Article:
Focus on Focus
Staff -- Interior Design, 8/1/2006 12:00:00 AM
"Lighting is the unwavering partner of architecture. It's what adds the theatricality," says Focus Lighting president Paul Gregory, the firm's principal designer, as he sits to spill a few illuminating thoughts from his bag of tricks. He started out in actual theatrical lighting, working on over 100 productions in five years—a background that's certainly helpful when you're at the helm of a bustling lighting-design studio.
According to Gregory, his team pinpoints the desired emotions for a space, then uses lighting as the tool to elicit those feelings. "It's a blend of technical expertise and artistic conception," he continues. "Light creates a composition that has a frame, a focal point, a foreground, and a background."
At the Brazilian fashion designer Carlos Miele's New York flagship by Asymptote, the folds and stitches of the clothing are bathed in soft light from unseen sources. The dresses take on a sculptural quality, and shoppers feel like they're in a gallery, drawn to glowing objects on display.
Of course, lighting is crucial in hospitality environments, of which Focus has handled many. At the Rockwell Group's Bar Americain Restaurant, the balance of white and amber light gives the sense of perpetual candlelight—great for looking more appealing to your date. In the lobby of Atlas New York, a residential building, Stephen Alton Architect used a wall of mirrored cubes, placed at different angles, to frame and refocus people's view. Gregory then enhanced the effect by illuminating the area beyond.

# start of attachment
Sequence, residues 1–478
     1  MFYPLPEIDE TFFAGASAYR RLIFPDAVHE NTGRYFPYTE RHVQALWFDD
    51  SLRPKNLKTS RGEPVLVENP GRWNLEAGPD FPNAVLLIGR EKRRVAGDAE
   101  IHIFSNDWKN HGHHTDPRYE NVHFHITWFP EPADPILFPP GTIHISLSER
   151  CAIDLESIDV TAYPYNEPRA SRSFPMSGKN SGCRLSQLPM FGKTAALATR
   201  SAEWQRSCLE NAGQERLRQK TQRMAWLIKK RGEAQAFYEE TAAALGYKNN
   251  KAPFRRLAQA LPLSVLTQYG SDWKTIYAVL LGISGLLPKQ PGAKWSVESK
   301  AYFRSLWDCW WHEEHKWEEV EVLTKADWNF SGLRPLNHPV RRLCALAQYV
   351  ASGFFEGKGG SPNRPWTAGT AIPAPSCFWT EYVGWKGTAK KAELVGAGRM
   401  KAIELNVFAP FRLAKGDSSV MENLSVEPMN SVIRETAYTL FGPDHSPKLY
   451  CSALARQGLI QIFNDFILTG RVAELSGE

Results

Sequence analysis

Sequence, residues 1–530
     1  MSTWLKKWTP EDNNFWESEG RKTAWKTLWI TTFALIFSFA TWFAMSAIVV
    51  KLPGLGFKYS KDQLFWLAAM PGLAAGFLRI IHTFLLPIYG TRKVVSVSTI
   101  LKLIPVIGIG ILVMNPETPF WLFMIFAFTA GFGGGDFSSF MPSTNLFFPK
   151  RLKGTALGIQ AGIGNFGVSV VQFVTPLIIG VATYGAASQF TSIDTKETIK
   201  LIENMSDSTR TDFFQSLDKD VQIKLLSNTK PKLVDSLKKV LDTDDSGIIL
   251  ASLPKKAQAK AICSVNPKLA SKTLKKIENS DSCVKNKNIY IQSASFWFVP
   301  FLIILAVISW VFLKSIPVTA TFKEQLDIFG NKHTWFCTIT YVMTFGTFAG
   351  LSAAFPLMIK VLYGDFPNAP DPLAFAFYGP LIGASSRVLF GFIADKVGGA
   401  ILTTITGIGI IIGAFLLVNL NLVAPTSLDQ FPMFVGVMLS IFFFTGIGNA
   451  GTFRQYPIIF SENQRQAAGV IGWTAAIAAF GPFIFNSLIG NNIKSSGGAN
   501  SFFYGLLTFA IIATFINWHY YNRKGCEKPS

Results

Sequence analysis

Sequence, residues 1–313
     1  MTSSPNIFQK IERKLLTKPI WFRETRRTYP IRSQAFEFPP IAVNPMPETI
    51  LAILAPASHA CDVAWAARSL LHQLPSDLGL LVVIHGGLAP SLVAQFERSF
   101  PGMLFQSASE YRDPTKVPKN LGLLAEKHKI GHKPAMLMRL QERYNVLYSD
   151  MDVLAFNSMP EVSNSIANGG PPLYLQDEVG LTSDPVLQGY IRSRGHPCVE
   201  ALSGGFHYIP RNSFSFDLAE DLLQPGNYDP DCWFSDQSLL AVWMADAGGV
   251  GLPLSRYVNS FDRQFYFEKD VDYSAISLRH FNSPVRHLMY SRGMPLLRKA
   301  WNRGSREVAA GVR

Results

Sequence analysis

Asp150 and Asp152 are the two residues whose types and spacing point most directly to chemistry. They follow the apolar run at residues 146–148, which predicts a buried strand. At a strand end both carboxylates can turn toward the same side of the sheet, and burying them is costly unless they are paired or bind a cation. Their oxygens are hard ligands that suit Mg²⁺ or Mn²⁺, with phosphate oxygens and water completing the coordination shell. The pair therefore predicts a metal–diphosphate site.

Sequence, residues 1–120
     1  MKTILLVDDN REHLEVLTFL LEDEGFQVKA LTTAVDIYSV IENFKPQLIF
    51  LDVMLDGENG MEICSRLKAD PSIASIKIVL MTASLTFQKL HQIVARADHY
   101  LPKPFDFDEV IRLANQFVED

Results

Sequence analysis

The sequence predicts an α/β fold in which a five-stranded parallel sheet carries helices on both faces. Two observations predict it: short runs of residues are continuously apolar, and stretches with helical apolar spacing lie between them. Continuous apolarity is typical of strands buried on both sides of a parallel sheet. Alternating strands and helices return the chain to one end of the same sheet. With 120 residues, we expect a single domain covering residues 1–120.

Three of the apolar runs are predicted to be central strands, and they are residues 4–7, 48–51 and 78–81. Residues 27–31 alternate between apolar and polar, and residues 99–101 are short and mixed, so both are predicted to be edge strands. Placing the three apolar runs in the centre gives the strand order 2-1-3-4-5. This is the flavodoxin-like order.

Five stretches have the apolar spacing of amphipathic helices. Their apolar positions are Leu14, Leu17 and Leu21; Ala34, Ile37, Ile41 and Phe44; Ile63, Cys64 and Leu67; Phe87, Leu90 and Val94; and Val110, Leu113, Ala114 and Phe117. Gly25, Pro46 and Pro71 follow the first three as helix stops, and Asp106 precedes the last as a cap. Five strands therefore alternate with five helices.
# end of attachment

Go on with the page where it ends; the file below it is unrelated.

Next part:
Daroff Design's Brûlée: The Dessert Experience, 32 Degrees—at the Tropicana Casino and Resort in Atlantic City—revolves around fiber optics. They're delivered via cables that spill down from the ceiling like strands of spaghetti, peppered with spots of light that shift as the day passes. During the afternoon, the crisp white-lit space is a dessert-only restaurant. At night, it morphs into a bar bathed in a reddish amber light. Changing light also works its magic at W New York–The Tuscany, transforming the hotel's Audrey Lounge from a bright and airy breakfast room to a dusky bar.
But all these examples pale in comparison to the case of the Chilean telecommunications company, deregulated in 1995. As a brand-enhancing move to maintain customer loyalty, the company decided to light up Santiago's ENTEL Tower. So, for the top of the 417-foot-high concrete spire, Focus designed shifting colored lights that radiate beams over the city. An image of this beacon now appears on Chile's paper currency.
255 West 101st Street, New York, NY 10025; 212-865-1565; focuslighting.com.